He sold Chronicle, a script previously included on the Black List of promising unproduced screenplays,[16] to 20th Century Fox's Davis Entertainment. Directed by Josh Trank,[17] it was released in February 2012 to critical acclaim and commercial success. Landis wrote a draft for a sequel, but Fox was unhappy with it and the project was discontinued.[18][19] Davis and Fox also bought Landis' script for a film based on Mary Shelley's Frankenstein,[20] which became 2015's Victor Frankenstein.

Landis has written and directed two short comedic features released on YouTube. The Death and Return of Superman (2012) mockingly retells DC Comics' 1992–1993 story-line of Superman's death and revival, with scenes acted out by his friends and Hollywood actors.[21] Wrestling Isn't Wrestling (2015) explains the nature of professional wrestling using the career of wrestler Triple H as an example, with several actors and wrestlers in cameos.[22] Landis was later hired as a consultant for WWE Raw.[23]

In September 2012, Landis sold a "superhero police drama" TV series titled Vigilant to Fox, and planned to executive produce it with Homeland producer Howard Gordon,[24] but the project was cancelled. In 2012 Landis began work on his directorial debut, Me Him Her,[25][26][27][28] which received a limited released in March 2016 to mixed reviews.[29][30] The 2015 film American Ultra, based on his screenplay, received mixed reviews and disappointing box office results.[31][32]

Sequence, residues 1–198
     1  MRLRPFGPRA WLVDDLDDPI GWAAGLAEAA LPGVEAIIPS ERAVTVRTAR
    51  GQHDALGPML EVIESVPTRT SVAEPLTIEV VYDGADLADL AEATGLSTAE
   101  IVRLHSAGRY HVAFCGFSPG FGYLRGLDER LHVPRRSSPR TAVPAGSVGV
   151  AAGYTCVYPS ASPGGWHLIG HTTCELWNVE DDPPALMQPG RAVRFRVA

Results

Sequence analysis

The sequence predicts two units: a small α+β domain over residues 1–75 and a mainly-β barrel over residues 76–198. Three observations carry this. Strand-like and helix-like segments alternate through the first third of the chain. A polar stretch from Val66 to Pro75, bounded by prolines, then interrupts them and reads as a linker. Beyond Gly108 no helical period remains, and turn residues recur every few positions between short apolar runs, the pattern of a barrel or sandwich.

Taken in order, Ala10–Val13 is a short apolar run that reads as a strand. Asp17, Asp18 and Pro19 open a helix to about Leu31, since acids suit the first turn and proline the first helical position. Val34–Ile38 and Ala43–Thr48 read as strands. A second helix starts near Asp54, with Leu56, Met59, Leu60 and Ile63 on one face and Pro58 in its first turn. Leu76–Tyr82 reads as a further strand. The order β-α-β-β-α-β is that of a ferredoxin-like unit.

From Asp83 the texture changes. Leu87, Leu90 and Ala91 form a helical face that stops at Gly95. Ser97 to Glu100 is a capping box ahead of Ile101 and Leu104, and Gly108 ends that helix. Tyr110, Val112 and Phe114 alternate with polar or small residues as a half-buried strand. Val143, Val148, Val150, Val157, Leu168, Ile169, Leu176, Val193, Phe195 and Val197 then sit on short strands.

In February 2015, Landis directed Ariana Grande's music video "One Last Time".[33] He was accused of plagiarizing the style and themes of the video from the music video for "You Are the One" by Australian band SAFIA.[34]

In 2016, Netflix began production on Landis' script for Bright, then its most expensive self-produced film.[35] Featuring magical fantasy characters such as orcs as an allegory for racism, the film was critically panned upon its release in December 2017,[36] but Netflix reported that it was popular with its subscribers.[37]

In September 2017, Landis published a website called "A Scar No One Else Can See", which contained a 150-page theory on the themes of Carly Rae Jepsen's songs,[38] arguing that they present a dark, three-part narrative about heartbreak and rejection.[39] Although Landis called the project a "celebration" of Jepsen, The Daily Dot and Pride.com described the document as a conspiracy theory,[40][41] and Reid McCarter of The A.V. Club dismissed the findings as unremarkable.[42]